My Lords, I thank the noble Lord, Lord Kirkwood of Kirkhope, for initiating this take note debate on a very important subject. I apologise if I repeat any of the points that he made, but they bear repetition because there has not been sufficient publicity about the implications of these important regulations. The SSAC, as we have heard, is very critical of them, especially of the lack of robust analysis of the costs and benefits. The impact assessment that the Government have produced in response is certainly an improvement. Whether it constitutes that robust analysis is another matter, but it does at least give us more information on those who are likely to be affected. I accept that it does give some credence to the original—unevidenced—claim that many affected would be,
“coming to benefits from relatively well paid jobs”,
as the lowest paid are more likely to have linked claims and therefore not be affected. Nevertheless, nearly two-fifths of JSA and three-fifths of ESA unlinked claims were from those earning less than £5,200.
The impact assessment makes much of the fact that about half JSA claimants in employment in 2013-14 have been paid monthly and they should therefore have a month’s wages to tide them over. However, it also has to acknowledge that those on lower earnings were more likely to have been paid weekly. In fact, the majority of those who earned up to £10,400 were. If we include “other”, which I guess is probably fortnightly, then it is the majority of those earning up to £15,600. As CPAG—and I declare an interest as honorary president—warned with some restraint:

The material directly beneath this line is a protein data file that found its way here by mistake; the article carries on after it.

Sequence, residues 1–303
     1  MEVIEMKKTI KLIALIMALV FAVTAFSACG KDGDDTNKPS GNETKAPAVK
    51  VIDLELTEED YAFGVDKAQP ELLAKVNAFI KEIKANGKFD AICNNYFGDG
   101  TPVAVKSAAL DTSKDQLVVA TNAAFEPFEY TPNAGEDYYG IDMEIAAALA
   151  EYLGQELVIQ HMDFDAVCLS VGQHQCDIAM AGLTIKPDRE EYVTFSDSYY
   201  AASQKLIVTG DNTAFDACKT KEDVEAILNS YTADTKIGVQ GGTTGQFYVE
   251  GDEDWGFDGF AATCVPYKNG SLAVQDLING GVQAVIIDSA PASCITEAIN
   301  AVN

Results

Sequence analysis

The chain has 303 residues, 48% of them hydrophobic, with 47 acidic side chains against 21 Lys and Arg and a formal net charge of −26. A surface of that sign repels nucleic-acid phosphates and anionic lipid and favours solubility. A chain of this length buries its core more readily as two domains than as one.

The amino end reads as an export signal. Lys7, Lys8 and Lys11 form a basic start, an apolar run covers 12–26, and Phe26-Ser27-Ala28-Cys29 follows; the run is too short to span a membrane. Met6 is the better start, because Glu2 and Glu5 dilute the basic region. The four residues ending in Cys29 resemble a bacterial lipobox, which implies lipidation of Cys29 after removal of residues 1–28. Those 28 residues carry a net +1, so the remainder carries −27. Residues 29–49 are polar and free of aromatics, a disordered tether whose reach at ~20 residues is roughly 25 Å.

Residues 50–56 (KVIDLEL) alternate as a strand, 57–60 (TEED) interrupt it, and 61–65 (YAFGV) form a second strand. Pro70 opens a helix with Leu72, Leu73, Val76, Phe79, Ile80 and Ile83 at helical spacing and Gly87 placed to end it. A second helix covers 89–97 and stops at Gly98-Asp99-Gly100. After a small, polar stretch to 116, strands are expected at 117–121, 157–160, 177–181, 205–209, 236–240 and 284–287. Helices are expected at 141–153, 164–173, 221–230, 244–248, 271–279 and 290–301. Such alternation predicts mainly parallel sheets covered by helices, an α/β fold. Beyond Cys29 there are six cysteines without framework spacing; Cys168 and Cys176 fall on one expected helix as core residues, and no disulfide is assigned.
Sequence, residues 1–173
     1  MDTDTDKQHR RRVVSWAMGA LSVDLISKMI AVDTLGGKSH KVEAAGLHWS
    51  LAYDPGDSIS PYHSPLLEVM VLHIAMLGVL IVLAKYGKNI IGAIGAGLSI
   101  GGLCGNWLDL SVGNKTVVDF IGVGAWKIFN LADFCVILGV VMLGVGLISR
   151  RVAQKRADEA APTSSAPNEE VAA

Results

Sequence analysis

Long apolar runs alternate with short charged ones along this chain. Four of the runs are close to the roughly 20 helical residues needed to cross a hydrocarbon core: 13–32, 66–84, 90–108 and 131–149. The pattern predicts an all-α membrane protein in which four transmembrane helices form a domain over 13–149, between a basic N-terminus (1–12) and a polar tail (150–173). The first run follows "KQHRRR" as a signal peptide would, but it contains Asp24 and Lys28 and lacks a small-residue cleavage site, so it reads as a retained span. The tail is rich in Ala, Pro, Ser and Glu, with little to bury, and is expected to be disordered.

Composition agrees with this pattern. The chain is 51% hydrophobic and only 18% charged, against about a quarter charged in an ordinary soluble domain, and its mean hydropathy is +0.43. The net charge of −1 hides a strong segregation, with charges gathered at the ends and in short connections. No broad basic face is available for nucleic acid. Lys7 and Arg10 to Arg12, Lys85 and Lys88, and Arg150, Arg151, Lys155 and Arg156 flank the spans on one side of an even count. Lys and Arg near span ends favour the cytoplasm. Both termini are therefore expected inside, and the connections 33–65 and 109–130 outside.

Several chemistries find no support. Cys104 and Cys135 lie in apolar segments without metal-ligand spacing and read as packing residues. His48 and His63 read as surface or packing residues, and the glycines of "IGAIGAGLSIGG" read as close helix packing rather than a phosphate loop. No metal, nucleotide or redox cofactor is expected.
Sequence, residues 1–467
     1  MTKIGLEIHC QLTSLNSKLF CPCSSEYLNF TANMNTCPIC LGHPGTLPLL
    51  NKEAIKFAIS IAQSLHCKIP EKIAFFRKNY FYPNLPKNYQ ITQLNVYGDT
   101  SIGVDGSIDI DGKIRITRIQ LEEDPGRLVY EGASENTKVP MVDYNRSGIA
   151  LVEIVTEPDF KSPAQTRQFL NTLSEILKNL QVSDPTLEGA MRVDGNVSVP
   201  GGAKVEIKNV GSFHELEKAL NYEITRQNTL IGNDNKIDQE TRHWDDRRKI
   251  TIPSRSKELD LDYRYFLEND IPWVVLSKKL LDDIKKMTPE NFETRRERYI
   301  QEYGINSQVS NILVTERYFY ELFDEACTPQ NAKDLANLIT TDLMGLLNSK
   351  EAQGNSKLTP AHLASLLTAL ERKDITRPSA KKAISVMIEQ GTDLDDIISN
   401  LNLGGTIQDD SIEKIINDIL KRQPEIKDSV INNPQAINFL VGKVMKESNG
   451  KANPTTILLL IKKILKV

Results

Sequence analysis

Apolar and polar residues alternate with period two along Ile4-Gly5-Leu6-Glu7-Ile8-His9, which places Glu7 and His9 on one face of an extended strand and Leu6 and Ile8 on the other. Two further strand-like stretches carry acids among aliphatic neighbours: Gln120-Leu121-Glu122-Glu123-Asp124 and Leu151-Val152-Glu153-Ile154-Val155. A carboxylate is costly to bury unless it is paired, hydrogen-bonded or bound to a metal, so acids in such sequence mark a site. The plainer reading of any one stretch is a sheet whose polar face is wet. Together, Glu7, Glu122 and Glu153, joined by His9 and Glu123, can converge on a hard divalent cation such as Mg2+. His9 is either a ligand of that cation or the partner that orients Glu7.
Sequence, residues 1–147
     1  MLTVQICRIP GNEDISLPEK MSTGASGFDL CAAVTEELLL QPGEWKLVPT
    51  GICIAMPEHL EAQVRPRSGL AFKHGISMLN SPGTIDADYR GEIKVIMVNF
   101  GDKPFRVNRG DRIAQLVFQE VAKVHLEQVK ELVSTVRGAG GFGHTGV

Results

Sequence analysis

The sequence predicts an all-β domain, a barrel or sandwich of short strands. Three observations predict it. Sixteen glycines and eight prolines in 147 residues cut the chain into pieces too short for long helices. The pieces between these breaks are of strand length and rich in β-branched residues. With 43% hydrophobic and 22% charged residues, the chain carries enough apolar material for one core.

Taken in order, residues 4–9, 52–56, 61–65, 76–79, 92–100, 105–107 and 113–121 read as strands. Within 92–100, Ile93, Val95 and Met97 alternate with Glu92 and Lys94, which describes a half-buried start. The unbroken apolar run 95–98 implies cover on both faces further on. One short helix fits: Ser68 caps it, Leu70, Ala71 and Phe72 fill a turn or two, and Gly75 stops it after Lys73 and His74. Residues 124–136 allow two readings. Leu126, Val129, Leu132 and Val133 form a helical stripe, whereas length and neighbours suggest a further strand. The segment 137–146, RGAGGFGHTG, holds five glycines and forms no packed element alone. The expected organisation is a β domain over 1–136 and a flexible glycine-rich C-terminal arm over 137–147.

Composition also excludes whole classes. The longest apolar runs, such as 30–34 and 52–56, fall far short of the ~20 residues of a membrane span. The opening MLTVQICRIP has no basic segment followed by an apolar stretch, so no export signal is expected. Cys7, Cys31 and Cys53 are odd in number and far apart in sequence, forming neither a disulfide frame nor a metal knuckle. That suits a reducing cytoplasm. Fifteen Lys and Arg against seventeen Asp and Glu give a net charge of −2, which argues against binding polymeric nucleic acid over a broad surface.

“Claimants leaving low-paid jobs paid weekly or fortnightly will not necessarily have a large, in-arrears payment to cover them for seven days without income, especially with benefits being paid in arrears too”.
The noble Lord also made this point.
The impact assessment also shows that only 36% of unlinked JSA claimants had savings of £100 or more to tide them over. The majority had less than £100 and, in the DWP’s own words,
“could be deemed to be less resilient in a vulnerable time just after losing work”.
Never mind, that is not going to deter the DWP. We are not told what proportion of those affected is likely to be in arrears or debt when they lose their job. Given the high level of debt and arrears and the high level of in-work poverty, I would have thought that that might be relevant. Can the Minister give us that information now?
Notwithstanding the Government’s soothing words, in response to the SSAC, that they believe it is,
“reasonable to expect the great majority of ESA and JSA claimants to support themselves during the first seven days of sickness or unemployment”,
they acknowledge that the change “may” cause hardship for some individuals and families, including, according to the evidence presented to the SSAC, homeless people, people with mental health problems or learning difficulties, ex-prisoners and domestic violence survivors.